Thursday, April 19, 2018

Review: Good Morning, Midnight by Lily Brooks-Dalton || Why Characters Need Agency



Good Morning, Midnight by Lily Brooks-Dalton


Pages: 259
Genre: Post-apocalyptic literary fiction
Publication Date: August 2016
Augustine, a brilliant, aging astronomer, is consumed by the stars. For years he has lived in remote outposts, studying the sky for evidence of how the universe began. At his latest posting, in a research center in the Arctic, news of a catastrophic event arrives. The scientists are forced to evacuate, but Augustine stubbornly refuses to abandon his work. Shortly after the others have gone, Augustine discovers a mysterious child, Iris, and realizes the airwaves have gone silent. They are alone.

At the same time, Mission Specialist Sullivan is aboard the Aether on its return flight from Jupiter. The astronauts are the first human beings to delve this deep into space, and Sully has made peace with the sacrifices required of her: a daughter left behind, a marriage ended. So far the journey has been a success, but when Mission Control falls inexplicably silent, Sully and her crew mates are forced to wonder if they will ever get home.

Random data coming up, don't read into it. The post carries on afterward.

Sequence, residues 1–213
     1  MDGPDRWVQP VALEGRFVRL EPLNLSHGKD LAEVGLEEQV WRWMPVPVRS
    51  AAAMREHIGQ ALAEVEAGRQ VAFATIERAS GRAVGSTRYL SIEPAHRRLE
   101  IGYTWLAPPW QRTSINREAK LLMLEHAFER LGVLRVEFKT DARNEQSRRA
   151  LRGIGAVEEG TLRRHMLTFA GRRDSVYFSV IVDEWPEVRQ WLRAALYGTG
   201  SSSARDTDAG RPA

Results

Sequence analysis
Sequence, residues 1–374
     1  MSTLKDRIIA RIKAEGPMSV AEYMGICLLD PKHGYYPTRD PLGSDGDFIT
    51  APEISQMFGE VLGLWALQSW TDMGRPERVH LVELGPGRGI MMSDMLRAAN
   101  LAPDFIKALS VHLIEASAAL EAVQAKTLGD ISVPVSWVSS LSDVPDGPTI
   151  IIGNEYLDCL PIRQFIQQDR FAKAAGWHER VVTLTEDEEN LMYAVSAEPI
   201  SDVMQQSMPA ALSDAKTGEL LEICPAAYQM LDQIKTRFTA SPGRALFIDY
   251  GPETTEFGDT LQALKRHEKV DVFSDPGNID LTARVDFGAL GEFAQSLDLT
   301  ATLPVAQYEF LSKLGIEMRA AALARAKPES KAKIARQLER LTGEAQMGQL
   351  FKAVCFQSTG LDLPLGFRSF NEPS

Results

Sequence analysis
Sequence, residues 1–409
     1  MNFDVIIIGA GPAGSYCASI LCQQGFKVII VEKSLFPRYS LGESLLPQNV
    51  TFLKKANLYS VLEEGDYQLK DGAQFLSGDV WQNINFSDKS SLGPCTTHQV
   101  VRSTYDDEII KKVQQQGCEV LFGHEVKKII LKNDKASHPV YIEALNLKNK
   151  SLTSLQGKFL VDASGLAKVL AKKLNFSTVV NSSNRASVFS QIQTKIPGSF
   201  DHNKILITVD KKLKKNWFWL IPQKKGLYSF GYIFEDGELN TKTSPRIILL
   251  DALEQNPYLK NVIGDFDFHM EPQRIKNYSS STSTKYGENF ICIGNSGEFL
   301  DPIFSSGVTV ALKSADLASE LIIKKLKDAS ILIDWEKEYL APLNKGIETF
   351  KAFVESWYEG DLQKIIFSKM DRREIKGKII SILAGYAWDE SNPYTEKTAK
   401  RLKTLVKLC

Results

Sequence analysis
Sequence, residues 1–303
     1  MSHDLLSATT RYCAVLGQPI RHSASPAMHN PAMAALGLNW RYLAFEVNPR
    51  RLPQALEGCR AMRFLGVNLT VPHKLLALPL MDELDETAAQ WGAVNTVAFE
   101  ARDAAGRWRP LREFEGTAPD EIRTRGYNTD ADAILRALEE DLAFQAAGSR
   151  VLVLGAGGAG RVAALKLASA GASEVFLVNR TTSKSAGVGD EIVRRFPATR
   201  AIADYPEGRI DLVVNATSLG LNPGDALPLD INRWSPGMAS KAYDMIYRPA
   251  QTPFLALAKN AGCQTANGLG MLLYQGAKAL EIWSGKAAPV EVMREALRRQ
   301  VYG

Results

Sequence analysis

I have to admit that this book was a total cover-buy. I was scrolling through Book Outlet, and Good Morning, Midnight appeared on my screen. I was like, “Get in my cart right now. I need you.” Also, I’d really like to be in that tent on the cover. It looks cold, but it’s probably infinitely more interesting than whatever I’m doing with my life at this moment.

Tuesday, April 17, 2018

Top Ten Tuesday: Small Publishers That You Should Check Out



Top Ten Tuesday is hosted by That Artsy Reader Girl. This week’s topic is whatever I want. Did you know that the majority of books in stores come from the same 5 giant publishers? That doesn’t seem fair to me. Here are ten small publishers that need more love. Please click the links and check out their catalogs.


Sunday, April 15, 2018

The Sunday Post #144